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April 26th, 2014, 03:34 AM  #1 
Member Joined: Apr 2013 Posts: 52 Thanks: 0  place balls in boxes
Hello!!!! With how many ways can we place n similar balls in k boxes,which are numbered with the numbers 1,...,k? The same question,when the balls are also numbered. 
April 26th, 2014, 08:15 AM  #2 
Math Team Joined: Jul 2013 From: काठमाडौं, नेपाल Posts: 901 Thanks: 61 Math Focus: सामान्य गणित 
1 way n! / (n  k)! ways 
April 26th, 2014, 08:19 AM  #3 
Member Joined: Apr 2013 Posts: 52 Thanks: 0  
April 26th, 2014, 08:50 AM  #4 
Math Team Joined: Jul 2013 From: काठमाडौं, नेपाल Posts: 901 Thanks: 61 Math Focus: सामान्य गणित 
sorry i misunderstood your question. first case : ways : k! / {(kn)!n!} second case : ways : k! / (k  n)! 
April 26th, 2014, 09:03 AM  #5 
Member Joined: Apr 2013 Posts: 52 Thanks: 0  
April 26th, 2014, 09:23 AM  #6 
Math Team Joined: Jul 2013 From: काठमाडौं, नेपाल Posts: 901 Thanks: 61 Math Focus: सामान्य गणित 
you have k empty boxex and n balls ( n < k ) for the first ball : you can place it in any one of k boxes for the second ball : you can place it in any one of k1 boxes (as one box is filled with first ball) for the third ball : you can place it in any one of k2 boxes (as two boxes is filled with first and second balls) . . . . finally, for the nth ball : you can place it in any one of k(n1) boxes (as (n1) boxes is filled with (n1) balls) then total number of ways to fill up the boxes = k(k1)(k2) . . . . . (k(n1)) multiplying and dividing by (kn)! = k(k1)(k2) . . . . . (k(n1))(kn)! / (kn)! = k! / (kn) ! this gives number of arrangement for numbered balls if the balls are similar, the position of balls with respect to each other would not matter the balls can be arranged among themselves in n! ways so for similar balls : number of arrangement = k! / {(kn)!n!} Last edited by MATHEMATICIAN; April 26th, 2014 at 09:30 AM.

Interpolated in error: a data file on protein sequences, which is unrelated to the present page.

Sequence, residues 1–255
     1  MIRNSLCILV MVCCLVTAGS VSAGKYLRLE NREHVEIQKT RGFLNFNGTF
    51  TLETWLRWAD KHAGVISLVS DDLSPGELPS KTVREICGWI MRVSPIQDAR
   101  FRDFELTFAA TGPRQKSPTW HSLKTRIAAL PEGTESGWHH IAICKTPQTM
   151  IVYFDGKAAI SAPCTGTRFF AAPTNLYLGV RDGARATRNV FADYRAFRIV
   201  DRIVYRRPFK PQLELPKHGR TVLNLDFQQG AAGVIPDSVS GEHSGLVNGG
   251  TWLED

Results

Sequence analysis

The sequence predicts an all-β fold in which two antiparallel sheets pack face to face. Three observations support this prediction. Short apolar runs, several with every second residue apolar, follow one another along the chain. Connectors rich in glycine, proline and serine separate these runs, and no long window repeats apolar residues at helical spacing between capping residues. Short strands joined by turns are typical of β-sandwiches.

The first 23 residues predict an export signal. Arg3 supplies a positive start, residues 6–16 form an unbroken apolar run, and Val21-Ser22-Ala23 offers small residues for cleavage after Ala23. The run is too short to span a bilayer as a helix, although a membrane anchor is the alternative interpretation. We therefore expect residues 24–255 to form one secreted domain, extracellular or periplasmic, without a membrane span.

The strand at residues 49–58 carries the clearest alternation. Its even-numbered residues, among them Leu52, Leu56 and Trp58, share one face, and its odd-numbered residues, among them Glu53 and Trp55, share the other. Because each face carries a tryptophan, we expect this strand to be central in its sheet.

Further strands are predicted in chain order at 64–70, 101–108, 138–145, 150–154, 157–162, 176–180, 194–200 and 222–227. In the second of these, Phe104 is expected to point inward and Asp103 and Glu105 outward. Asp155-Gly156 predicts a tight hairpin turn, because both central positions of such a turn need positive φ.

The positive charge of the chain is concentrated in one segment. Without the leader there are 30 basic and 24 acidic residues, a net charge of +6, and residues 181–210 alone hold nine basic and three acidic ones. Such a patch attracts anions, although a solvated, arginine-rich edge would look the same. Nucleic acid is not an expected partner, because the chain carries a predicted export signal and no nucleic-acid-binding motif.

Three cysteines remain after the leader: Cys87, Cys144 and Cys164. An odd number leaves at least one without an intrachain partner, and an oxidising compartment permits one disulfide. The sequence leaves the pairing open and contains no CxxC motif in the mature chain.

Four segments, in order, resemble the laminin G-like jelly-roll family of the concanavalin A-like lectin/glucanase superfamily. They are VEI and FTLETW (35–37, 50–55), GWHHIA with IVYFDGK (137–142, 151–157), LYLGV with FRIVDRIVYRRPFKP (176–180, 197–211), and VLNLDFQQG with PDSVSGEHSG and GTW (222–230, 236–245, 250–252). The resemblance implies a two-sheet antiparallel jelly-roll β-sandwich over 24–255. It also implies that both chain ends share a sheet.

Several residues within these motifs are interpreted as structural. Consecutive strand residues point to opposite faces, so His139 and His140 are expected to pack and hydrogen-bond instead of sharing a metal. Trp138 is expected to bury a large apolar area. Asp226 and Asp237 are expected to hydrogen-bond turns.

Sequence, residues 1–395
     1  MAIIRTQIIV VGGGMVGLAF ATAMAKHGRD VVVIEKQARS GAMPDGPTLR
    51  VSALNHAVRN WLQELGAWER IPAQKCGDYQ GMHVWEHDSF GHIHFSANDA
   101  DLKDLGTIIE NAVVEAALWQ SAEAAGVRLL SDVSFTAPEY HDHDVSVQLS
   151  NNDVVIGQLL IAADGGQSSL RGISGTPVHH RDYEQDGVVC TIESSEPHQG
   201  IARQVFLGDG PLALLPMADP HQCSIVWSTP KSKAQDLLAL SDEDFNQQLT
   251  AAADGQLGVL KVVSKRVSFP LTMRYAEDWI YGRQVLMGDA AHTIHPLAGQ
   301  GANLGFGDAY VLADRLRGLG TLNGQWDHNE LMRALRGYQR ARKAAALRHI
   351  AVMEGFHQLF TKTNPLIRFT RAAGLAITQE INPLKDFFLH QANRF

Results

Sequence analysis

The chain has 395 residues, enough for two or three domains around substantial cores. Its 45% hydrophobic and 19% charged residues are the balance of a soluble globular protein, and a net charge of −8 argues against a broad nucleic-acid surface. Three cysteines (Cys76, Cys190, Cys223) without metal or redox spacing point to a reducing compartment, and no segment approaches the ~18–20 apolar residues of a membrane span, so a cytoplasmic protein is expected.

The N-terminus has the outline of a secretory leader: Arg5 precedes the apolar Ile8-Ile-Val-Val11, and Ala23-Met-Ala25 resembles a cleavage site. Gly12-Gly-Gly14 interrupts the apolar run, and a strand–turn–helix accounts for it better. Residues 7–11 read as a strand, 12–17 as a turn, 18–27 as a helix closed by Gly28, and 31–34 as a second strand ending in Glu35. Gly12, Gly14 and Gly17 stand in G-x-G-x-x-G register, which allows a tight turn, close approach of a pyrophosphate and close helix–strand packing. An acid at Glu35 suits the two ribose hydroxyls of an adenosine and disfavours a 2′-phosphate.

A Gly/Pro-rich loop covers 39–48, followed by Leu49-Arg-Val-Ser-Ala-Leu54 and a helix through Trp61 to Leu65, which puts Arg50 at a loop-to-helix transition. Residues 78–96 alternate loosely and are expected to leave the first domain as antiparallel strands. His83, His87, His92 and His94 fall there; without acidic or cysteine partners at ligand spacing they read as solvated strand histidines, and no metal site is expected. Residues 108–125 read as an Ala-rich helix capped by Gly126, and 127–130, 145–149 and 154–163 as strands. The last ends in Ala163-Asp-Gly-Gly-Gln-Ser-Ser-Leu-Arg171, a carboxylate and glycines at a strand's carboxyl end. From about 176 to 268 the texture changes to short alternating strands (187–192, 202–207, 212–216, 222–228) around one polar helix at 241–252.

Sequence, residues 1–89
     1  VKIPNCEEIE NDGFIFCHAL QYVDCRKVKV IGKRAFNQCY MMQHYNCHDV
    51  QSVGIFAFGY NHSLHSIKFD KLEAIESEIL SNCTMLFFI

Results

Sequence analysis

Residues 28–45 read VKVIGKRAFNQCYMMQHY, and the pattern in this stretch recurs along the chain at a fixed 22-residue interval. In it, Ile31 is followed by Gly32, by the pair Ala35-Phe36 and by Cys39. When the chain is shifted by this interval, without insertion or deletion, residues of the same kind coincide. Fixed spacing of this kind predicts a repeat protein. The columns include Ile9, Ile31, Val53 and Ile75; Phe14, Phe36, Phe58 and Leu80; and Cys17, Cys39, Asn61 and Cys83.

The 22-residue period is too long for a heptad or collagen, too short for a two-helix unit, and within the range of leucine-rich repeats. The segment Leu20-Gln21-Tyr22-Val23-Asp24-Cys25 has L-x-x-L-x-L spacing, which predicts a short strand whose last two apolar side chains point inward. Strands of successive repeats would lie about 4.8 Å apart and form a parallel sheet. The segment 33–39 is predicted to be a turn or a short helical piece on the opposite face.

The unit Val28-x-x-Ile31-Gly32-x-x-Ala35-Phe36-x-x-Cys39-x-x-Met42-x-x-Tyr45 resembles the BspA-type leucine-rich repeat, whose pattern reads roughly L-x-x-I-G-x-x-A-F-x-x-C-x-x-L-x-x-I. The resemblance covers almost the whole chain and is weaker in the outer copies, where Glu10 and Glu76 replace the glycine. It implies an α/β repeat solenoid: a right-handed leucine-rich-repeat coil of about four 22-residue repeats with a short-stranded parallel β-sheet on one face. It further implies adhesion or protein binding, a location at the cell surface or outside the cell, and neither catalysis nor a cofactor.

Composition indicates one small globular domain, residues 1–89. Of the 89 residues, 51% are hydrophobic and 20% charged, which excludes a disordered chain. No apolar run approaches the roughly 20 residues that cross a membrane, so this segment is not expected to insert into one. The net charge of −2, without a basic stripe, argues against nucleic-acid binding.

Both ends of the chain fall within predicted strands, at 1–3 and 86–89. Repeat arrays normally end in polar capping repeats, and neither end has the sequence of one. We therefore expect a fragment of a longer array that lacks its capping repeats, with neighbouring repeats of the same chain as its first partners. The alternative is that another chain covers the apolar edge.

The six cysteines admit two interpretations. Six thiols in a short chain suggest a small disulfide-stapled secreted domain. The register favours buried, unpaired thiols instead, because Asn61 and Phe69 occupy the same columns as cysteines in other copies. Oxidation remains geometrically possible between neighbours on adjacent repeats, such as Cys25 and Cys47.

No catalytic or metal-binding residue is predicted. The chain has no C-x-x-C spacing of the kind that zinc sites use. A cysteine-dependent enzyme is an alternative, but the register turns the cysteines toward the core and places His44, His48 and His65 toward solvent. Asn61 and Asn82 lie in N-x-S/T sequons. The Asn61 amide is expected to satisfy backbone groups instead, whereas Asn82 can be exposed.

April 26th, 2014, 02:58 PM  #7  
Math Team Joined: Dec 2006 From: Lexington, MA Posts: 3,267 Thanks: 408  Hello, evinda! Quote:
I will assume that some boxes may be empty. (a) $\displaystyle n$ identical balls and $\displaystyle k$ numbered boxes. I'll illustrate with a specific example. We have: $\displaystyle \,n = 7$ balls and $\displaystyle k = 3$ boxes. Place the 7 balls in a row, inserting a space before, after and between them. $\displaystyle \qquad \_\,\circ\,\_\,\circ\,\_\,\circ\,\_\,\circ\,\_ \, \circ\,\_\,\circ\,\_\,\circ\,\_$ Distribute 2 "dividers" among the 8 spaces. $\displaystyle \quad \circ\,\circ\,\,\circ\,\,\circ\,\circ\,\circ\, \circ$ represents $\displaystyle (2,1,4).$ $\displaystyle \quad \circ\,\circ\,\circ\,\circ\,\circ\,\,\,\circ\, \circ$ represents $\displaystyle (5,0,2).$ $\displaystyle \quad \,\,\circ\,\circ\,\circ\,\circ\,\circ\,\circ\, \circ$ represents $\displaystyle (0,0,7).$ There are: $\displaystyle \,8^2 \:=\:64$ ways. In general, the number is: $\displaystyle \,(n+1)^{k1}$  
April 27th, 2014, 12:43 AM  #8 
Math Team Joined: Jul 2013 From: काठमाडौं, नेपाल Posts: 901 Thanks: 61 Math Focus: सामान्य गणित 
i misunderstood second time also 

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